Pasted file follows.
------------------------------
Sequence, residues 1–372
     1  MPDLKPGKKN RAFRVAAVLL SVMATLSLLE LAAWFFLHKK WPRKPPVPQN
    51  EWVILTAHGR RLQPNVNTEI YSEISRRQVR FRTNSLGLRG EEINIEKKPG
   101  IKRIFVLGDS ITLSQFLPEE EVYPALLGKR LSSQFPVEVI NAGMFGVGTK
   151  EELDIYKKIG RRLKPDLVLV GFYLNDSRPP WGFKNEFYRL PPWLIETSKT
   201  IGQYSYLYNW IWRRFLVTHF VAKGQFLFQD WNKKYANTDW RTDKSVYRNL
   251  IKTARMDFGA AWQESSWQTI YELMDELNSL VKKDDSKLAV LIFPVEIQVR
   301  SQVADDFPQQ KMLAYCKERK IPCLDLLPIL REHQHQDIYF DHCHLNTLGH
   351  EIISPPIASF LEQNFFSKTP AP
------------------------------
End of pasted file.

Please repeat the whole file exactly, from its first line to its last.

Sequence, residues 1–372
     1  MPDLKPGKKN RAFRVAAVLL SVMATLSLLE LAAWFFLHKK WPRKPPVPQN
    51  EWVILTAHGR RLQPNVNTEI YSEISRRQVR FRTNSLGLRG EEINIEKKPG
   101  IKRIFVLGDS ITLSQFLPEE EVYPALLGKR LSSQFPVEVI NAGMFGVGTK
   151  EELDIYKKIG RRLKPDLVLV GFYLNDSRPP WGFKNEFYRL PPWLIETSKT
   201  IGQYSYLYNW IWRRFLVTHF VAKGQFLFQD WNKKYANTDW RTDKSVYRNL
   251  IKTARMDFGA AWQESSWQTI YELMDELNSL VKKDDSKLAV LIFPVEIQVR
   301  SQVADDFPQQ KMLAYCKERK IPCLDLLPIL REHQHQDIYF DHCHLNTLGH
   351  EIISPPIASF LEQNFFSKTP AP